We are hungry for stories, all of us, but sometimes we’re too ravenous for the same old, unhealthy meals. These narratives we tell ourselves — about race, about sex, about gender, about money — are too often like fast food, in that they’re over-processed, under-nourishing and ultimately junky. We fill up on them, convincing ourselves that they are the only food that exists.
Gender constructions are our oldest, most damaging stories. The concept has always been in flux, and always challenged and critiqued, but still we somehow tell ourselves — and then tell others — that there’s only a few acceptable ways to be a boy or a man, to be a girl or a woman, and that there aren’t any points between those poles. We need trans, genderqueer, and otherwise gender-fluid stories, popular narratives of memoir, autobiography and fiction, to show us new recipes for living, or that at least remind us that these recipes have long existed and have even tested out.
Jacob Tobia’s “Sissy: A Coming-of-Gender Story” looks to add a much-needed genderqueer model for the growing-up memoir, a new set of tastes and instructions for a new century. In general, we need the book’s perspectives but, alas, maybe we don’t need this particular book.
Tobia, who identifies as gender-nonconforming and uses the pronoun they, recounts their coming-of-age as a millennial in the 1990s and early 21st century in North Carolina. It’s not clear, though, that Tobia has matured much beyond adolescence. That’s forgivable on the author’s part (if not the editor’s), as they are 27 years old as of this writing, and much of what’s being told happened less than a decade, or even five years, ago.
In any case, the writing hasn’t jelled into much beyond a series of impressions, grievances both fair and unfair, arguments and half-remembered conversations that are punctuated by footnotes, asides and interjections that aren’t nearly funny enough to justify interrupting the narrative’s flow.
After describing that, as a churchgoing youth, Tobia believed a certain sexual act “had something to do with blowing air on or around” genitalia, they can’t resist adding a footnote that tells us the exact same thing: “I wish this were a clever joke, but sadly, it was something I and my friends believed.” Even within the main text, there’s a near-constant self-consciousness and endless proclamations of wokeness that rarely add anything useful to our understanding of Tobia’s slow development toward a homosexual and then a genderqueer identity.
Tobia has merely recorded, rather than digested or processed, their experience, and the result is that “Sissy” is a mess. They include their sub-par college-entrance essay (aren’t they all, in retrospect?), which they insist on reproducing in full, instead of summarizing the contents for the key points. There are a lot of transcripts of conversations with Tobia’s family and endless footnotes and digressions. The constant chatty fourth-wall breaking, instead of buttressing our sense of Tobia’s emergent identity, undermines the reader’s confidence in the author’s command of the story they are telling.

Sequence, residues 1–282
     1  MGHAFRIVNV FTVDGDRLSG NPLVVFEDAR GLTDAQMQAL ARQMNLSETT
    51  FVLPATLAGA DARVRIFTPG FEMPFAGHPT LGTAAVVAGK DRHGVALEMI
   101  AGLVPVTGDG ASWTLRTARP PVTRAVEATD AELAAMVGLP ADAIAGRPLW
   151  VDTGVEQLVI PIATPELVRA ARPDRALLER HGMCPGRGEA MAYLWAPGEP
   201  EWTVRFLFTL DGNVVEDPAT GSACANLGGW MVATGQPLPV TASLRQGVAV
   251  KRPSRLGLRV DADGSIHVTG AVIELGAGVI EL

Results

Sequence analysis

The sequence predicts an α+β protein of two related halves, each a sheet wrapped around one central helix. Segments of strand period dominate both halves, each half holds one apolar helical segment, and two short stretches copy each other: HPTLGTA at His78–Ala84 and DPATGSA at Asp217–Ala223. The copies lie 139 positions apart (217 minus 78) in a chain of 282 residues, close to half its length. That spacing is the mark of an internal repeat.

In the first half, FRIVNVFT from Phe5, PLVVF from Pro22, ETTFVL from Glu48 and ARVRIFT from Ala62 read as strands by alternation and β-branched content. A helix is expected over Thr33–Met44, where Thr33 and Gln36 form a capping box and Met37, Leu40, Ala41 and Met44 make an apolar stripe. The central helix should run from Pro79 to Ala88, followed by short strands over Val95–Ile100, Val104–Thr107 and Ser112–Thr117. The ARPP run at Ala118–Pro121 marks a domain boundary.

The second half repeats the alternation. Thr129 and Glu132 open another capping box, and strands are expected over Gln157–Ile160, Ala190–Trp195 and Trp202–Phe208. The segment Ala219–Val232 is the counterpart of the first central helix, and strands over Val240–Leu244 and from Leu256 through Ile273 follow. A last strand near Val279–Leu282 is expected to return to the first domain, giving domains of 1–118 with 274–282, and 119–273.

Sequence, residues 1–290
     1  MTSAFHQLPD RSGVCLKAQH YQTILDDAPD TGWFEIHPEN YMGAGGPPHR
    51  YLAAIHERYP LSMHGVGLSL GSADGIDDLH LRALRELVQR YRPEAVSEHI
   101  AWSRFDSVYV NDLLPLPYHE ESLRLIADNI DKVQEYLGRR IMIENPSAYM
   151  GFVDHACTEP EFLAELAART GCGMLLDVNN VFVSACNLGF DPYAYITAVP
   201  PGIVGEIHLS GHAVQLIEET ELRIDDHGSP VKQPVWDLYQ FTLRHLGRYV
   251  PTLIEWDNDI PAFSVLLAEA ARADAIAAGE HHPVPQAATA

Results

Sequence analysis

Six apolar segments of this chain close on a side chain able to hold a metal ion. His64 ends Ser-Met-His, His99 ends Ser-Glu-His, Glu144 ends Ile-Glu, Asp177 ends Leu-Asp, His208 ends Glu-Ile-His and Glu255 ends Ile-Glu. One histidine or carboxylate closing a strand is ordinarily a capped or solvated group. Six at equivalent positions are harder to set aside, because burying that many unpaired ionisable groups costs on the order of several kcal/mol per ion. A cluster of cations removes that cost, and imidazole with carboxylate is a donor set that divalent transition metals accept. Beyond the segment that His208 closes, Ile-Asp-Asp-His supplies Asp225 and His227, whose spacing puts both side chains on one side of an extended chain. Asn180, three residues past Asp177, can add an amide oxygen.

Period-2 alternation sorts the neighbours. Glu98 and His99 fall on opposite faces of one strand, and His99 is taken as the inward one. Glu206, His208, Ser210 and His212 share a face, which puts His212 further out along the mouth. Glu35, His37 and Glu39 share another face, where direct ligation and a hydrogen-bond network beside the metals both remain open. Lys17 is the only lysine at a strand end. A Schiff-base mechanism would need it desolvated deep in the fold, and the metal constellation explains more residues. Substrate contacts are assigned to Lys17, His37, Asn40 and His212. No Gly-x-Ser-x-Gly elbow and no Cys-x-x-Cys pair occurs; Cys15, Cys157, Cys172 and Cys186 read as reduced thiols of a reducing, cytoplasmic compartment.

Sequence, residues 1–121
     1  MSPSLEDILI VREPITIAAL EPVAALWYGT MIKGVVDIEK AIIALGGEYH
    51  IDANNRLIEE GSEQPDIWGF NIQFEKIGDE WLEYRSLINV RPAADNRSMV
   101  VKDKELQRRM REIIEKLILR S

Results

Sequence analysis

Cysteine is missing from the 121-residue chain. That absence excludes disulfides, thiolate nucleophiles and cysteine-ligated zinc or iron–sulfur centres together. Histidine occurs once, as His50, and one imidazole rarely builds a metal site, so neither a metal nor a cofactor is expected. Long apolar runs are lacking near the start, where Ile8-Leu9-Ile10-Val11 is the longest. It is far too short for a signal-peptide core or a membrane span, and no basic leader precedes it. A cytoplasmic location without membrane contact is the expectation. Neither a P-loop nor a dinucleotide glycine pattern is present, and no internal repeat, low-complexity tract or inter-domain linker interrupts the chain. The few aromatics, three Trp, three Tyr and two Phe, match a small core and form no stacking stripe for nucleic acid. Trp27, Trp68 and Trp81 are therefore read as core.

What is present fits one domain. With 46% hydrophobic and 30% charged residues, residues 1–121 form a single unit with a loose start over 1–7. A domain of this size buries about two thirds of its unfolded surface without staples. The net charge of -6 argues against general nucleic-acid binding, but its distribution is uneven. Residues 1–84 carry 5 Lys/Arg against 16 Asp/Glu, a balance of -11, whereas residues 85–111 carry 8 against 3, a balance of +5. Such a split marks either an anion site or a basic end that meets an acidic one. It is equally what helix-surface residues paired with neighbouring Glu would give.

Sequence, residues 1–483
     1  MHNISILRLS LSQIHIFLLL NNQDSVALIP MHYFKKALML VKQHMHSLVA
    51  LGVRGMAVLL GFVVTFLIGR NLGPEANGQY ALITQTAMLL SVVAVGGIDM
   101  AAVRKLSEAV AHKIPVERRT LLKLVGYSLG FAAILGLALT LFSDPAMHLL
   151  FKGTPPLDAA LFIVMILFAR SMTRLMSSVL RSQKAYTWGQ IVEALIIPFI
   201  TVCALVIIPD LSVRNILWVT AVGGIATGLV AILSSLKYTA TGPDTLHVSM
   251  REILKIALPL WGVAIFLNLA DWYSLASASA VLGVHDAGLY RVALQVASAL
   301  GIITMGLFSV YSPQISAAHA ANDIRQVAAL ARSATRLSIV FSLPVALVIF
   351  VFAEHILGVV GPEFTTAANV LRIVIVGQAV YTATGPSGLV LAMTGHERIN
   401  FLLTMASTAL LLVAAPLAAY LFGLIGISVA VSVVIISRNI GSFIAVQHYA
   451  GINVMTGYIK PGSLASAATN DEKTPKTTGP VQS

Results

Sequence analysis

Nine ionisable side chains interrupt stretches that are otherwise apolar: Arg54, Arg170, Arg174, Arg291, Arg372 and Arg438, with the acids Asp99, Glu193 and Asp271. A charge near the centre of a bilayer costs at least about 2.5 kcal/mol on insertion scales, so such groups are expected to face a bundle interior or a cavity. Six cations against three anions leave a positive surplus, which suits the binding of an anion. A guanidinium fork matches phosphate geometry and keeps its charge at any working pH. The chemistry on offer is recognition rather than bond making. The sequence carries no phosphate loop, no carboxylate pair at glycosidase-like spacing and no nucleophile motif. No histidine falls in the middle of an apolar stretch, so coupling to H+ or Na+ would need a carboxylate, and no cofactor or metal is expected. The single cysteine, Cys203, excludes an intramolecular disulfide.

It could be argued that Sissy’s messiness is intentional, that the point is that gender fluidity is messy and so “Sissy” will reflect that presence. Tobia, however, takes pains to make sure we know precisely how enlightened they are, and in what ways. Their persona — glibly hip, jokey, pop-culture allusive, self-referential, liberal in all the acceptable ways (they use the term “late capitalism,” and name-checks gender studies academic Eve Sedgwick) — is calculated.
I rarely get a sense that they ever did or even thought anything wrong. For all of the book’s assertions that this will be a “messy” memoir, very little of the mess is ever attributed to Tobia’s behavior. The world hurts them but we rarely see how they hurt others. That’s fundamentally dishonest, a self-editing of their life into a heroic narrative — a patriarchal construct if there ever was one — that is complete with triumphant letters to their parents at the end that absolve them of their sins.
So, “Sissy” is clean and clear enough when it wants to be, when doing so accentuates the author’s moral rectitude. The asides and throat-clearing seem to serve as masks to hide Tobia’s vulnerabilities, in much the same way that I think David Foster Wallace (a key, if unacknowledged, influence on Tobia) used such verbal tics to keep the reader from getting too close to what he really believed.
The book is most vibrant when Tobia exposes those wounds and longings. After participating in a beauty pageant of sorts, they come to an epiphany about their gender identity: “That night, I realized that I didn’t want what I was wearing to be a costume. I longed for it to be just another outfit — for my femininity not to be my persona, but my person.”
Late in the book, as Tobia comes to terms with being genderqueer along with being gay, they reveal how their overachieving nature has led to an alienating existence. It’s a raw moment that exposes how acceptance of them was always conditional, dependent of their not “acting” too gay or gender-nonconforming in public.”
In this rare glimpse, Tobia bares their soul without adornment or self-conscious affectation or sloppiness.But too much of “Sissy” feels like it’s looking over its own shoulder, trying to be too hip and appropriately woke, saying what the author feels it should say, rather than what it must.
‘Sissy: A Coming-of-Gender Story’
by Jacob Tobia
G.P. Putnam’s Sons
336 pages, $26
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